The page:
Family is great, but my favorite part of Christmas is the presents! I think I am still very young at heart. But if you think about it, presents are really awesome. When you are young receiving a present is so fun and exciting. When you get older giving presents becomes the fun part. But either way, some of my best Christmas memories are waiting in anticipation to open all those presents. On Christmas morning, I was always the first person in my family to wake up. After staring at the presents, which seemed to be begging me to be opened, I woke up my siblings and parents because I couldn’t wait any longer. When everyone was finally awake, the ‘present opening frenzy’ could finally commence.
Unfortunately, there is a dark side of gift giving as well. After opening your final present and realizing there are no more, there is a sudden feeling of disappointment or depression. After all that waiting, when Christmas is finally over it is a little sad. I often thought ‘What is it over…? Now what do I do…?’
Furthermore, Christmas has been hijacked by companies and stores in order to sell stuff. Nowadays stores start their sales as soon as Thanksgiving is over. Thanksgiving is always on a Thursday and the following Friday is called ‘Black Friday’. Many stores have VERY amazing sales. But these sales are usually limited quantities so you have to get up early (or stay up very late!) in order to rush into the store as soon as it opens or you will miss your chance. Or perhaps you have seen ‘Cyber Monday’. Many people don’t want to go outside into the real world. Instead, they buy their gifts online. Many stores offer discounts to items bought on ‘Cyber Monday’, the Monday following Thanksgiving. ‘Cyber Monday’ focuses especially on deals of ‘cyber’ or electronic goods. In my opinion, these sale days are just commercialism going too far and denigrating the family nature of Christmas.
Japan is missing this ‘real’ Christmas. But it is OK. During my time in Japan I have grown to love New Years as well. Japanese New Year’s, like American Christmas, is mostly about meeting and spending time with your family. Japanese New Year’s even has a little bit of gift giving in the Otoshidama. But, I do admit I miss the pile of presents under the Christmas tree and the anticipation of finally getting to open them…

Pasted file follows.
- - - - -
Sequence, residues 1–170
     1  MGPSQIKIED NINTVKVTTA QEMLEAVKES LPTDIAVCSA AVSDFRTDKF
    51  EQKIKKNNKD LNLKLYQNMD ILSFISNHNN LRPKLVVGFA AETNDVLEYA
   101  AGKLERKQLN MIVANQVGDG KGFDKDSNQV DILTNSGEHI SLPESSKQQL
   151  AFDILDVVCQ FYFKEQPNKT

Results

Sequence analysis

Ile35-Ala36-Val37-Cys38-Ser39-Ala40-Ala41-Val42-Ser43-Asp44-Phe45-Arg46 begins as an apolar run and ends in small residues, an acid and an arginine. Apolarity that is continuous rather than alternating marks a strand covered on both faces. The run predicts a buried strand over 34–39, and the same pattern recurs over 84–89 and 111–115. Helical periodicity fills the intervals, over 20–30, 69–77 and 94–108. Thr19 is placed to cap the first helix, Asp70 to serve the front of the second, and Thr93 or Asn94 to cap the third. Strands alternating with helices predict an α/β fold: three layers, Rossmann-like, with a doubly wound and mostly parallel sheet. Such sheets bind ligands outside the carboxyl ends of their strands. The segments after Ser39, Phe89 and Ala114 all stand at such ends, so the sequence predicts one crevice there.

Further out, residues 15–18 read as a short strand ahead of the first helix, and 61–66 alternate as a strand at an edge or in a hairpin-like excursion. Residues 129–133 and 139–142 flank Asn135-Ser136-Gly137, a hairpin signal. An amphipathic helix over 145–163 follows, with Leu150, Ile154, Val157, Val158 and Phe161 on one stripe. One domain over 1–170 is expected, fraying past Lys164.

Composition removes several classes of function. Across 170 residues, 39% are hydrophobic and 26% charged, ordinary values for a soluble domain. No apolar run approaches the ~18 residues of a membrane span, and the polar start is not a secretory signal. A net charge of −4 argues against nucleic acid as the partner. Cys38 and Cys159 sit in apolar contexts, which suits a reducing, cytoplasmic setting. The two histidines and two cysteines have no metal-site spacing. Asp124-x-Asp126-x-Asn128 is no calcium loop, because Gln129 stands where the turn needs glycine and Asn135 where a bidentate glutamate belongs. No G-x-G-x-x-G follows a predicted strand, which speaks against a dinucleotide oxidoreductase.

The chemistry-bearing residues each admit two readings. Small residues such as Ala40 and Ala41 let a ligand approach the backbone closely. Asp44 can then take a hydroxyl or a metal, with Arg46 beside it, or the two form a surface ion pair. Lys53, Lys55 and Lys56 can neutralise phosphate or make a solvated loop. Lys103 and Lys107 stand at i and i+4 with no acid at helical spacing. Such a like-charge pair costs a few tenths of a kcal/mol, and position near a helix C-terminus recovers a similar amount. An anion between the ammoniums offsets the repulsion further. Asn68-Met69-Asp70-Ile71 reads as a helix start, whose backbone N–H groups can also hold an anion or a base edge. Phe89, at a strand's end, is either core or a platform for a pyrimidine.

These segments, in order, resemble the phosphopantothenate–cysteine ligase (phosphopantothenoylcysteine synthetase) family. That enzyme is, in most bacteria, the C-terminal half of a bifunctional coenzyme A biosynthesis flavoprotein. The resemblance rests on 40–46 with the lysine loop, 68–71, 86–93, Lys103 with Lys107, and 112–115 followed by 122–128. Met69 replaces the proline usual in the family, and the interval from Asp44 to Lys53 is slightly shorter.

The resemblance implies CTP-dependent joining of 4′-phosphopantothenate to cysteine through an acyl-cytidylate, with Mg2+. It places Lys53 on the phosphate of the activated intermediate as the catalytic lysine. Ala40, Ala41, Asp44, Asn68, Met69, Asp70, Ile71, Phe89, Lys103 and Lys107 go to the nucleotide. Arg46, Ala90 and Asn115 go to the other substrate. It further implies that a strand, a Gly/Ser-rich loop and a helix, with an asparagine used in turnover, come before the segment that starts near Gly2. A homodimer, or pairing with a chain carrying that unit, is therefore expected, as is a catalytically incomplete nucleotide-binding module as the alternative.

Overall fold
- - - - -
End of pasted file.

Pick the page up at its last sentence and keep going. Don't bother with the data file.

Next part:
- This sushi is also fried, has hot sauce and a creamy mayo type sauce. It is arranged in a circle around crabmeat.
- The right sushi has avocado on top. The left has tempura jalapeno (a spicy pepper) placed on top. Then more hot sauce.
- This one was weird. I didn’t like it. It has mango and avocado on top.
- Look at all that ‘Sushi’!
American Sushi is very strange. It is made using many heavy flavors and ingredients and is loaded with calories. A lot of cream, mayo, and deep-frying. It is also very spicy. Not wasabi spicy, but hot sauce spicy. The focus of American Sushi is neither fish nor rice. It is the flavors from all the ingredients and sauces together.
The sushi is strange, but it is delicious (probably because it is so unhealthy!). The sushi restaurant in my town is all-you-can-eat (there are no time limits in America) and very inexpensive at around 15~20 dollars a person. The spiciness is awesome and something I really miss in Japanese food.
So, Sushi in America is not really Sushi. But, curry in Japan is not really curry either. When something imported into another country, it is changed so it fits the taste and sensibilities of that country. Is it a good thing? Is it a bad thing? I don’t know. But if you get the opportunity to eat American Sushi I recommend that you try it without comparing it to ‘real’ Japanese Sushi. You might even like it.